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Date:  Aug. 13, 2008

Contacts:  Rebecca Alvania, Media Relations Officer

Luwam Yeibio, Media Relations Assistant

Office of News and Public Information

202-334-2138; e-mail <>




National Security Intelligence Organizations Should Monitor Advances

In Cognitive Neuroscience Research


WASHINGTON -- Technological advancements in specific fields of neuroscience have implications for U.S. national security and should therefore be monitored consistently by the intelligence community, according to a new report from the National Research Council.  In order to do so effectively, intelligence organizations need analysts with advanced scientific training and resources for the collection and analysis of neuroscience research and its technological applications, said the committee that wrote the report.


The intelligence community has had a long-standing interest in monitoring global technology trends that could affect U.S. national security.  However, in fields where technology is advancing rapidly, the pace and breadth of research can overwhelm analysts.  In addition, few intelligence analysts have scientific skills specialized enough to allow them to recognize significant advances in highly complex and emergent fields.


A 2005 National Research Council report described a methodology for gauging the implications of new technologies and assessing whether they pose a threat to national security.  In this new report, the committee applied the methodology to the neuroscience field and identified several research areas that could be of interest to the intelligence community: neurophysiological advances in detecting and measuring indicators of psychological states and intentions of individuals, the development of drugs or technologies that can alter human physical or cognitive abilities, advances in real-time brain imaging, and breakthroughs in high-performance computing and neuronal modeling that could allow researchers to develop systems which mimic functions of the human brain, particularly the ability to organize disparate forms of data.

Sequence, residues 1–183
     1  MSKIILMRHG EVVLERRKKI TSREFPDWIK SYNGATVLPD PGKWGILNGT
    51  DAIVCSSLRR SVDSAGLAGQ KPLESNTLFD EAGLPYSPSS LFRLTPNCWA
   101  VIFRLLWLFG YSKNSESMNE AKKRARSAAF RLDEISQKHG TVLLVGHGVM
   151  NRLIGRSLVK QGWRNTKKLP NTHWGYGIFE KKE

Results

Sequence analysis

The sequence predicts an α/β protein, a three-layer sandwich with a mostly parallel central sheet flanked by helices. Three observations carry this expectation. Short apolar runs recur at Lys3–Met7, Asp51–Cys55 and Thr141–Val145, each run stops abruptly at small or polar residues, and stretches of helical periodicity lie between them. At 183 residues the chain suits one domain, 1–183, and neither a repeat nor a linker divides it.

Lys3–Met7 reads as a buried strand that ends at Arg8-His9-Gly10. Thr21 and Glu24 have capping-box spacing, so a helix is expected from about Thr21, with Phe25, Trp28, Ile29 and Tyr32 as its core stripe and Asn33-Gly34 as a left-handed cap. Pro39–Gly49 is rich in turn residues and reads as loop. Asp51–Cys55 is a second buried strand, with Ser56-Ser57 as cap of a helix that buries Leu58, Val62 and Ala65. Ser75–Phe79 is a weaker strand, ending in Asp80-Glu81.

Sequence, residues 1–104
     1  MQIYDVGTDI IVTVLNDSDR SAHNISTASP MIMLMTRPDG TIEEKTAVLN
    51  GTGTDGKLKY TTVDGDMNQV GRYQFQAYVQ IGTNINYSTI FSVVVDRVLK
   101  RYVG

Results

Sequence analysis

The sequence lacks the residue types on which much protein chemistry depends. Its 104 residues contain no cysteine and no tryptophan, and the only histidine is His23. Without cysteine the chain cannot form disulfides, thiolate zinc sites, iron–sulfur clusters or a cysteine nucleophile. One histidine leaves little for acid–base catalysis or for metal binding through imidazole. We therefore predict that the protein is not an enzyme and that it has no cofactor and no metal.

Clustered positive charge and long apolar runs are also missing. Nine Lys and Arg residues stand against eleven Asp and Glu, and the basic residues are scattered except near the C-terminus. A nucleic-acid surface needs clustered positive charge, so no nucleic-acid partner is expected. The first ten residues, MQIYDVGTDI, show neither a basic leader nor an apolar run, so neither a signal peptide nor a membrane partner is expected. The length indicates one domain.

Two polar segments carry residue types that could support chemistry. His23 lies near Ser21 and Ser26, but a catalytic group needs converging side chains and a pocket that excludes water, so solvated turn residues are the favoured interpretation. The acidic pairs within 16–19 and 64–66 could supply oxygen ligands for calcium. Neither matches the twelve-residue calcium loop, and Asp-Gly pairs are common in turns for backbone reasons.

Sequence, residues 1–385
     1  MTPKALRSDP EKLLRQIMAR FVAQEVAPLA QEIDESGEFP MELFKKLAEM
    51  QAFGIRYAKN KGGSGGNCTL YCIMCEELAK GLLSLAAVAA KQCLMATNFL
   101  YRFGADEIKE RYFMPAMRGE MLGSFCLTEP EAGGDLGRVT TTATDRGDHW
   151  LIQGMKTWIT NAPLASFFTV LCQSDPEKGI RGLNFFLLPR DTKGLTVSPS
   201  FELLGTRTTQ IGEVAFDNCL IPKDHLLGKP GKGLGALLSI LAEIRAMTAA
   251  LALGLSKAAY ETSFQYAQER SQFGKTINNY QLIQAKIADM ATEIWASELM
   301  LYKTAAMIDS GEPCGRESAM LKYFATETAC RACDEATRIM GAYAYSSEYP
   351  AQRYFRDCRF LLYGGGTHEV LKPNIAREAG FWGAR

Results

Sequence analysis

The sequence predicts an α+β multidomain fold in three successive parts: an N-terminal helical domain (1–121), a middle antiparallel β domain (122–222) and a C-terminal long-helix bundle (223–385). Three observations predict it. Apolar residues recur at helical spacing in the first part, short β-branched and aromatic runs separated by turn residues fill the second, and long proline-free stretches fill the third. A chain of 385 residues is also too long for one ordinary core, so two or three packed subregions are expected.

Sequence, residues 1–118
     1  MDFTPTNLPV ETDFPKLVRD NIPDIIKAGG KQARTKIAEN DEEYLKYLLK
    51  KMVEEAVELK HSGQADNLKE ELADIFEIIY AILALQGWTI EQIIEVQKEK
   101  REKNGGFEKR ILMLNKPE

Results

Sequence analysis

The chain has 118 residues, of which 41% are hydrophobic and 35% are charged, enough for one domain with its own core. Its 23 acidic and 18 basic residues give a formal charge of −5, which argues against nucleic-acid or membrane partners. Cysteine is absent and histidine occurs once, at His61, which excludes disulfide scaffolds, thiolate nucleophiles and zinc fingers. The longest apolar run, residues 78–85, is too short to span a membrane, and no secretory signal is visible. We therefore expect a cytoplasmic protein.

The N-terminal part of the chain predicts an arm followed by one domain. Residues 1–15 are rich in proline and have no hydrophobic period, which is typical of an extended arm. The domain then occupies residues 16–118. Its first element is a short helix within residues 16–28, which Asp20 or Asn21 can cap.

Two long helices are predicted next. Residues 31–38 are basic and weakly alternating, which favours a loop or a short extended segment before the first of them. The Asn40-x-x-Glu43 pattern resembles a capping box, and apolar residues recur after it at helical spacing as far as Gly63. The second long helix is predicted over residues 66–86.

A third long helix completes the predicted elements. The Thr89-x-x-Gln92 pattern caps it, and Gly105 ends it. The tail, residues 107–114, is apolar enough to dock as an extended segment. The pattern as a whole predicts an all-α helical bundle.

Research in these areas is progressing rapidly both nationally and internationally within the private, government, and academic sectors.  Technologies such as brain imaging and cognitive or physical enhancers are important to the health industry and desired by the public; such forces act as strong market incentives for development.  As these fields continue to grow, said the committee, it will be imperative that the intelligence community be able to identify scientific advances relevant to national security when they occur.  To do so will require adequate funding, intelligence analysts with advanced training in science and technology, and increased collaboration with the scientific community, particularly academia.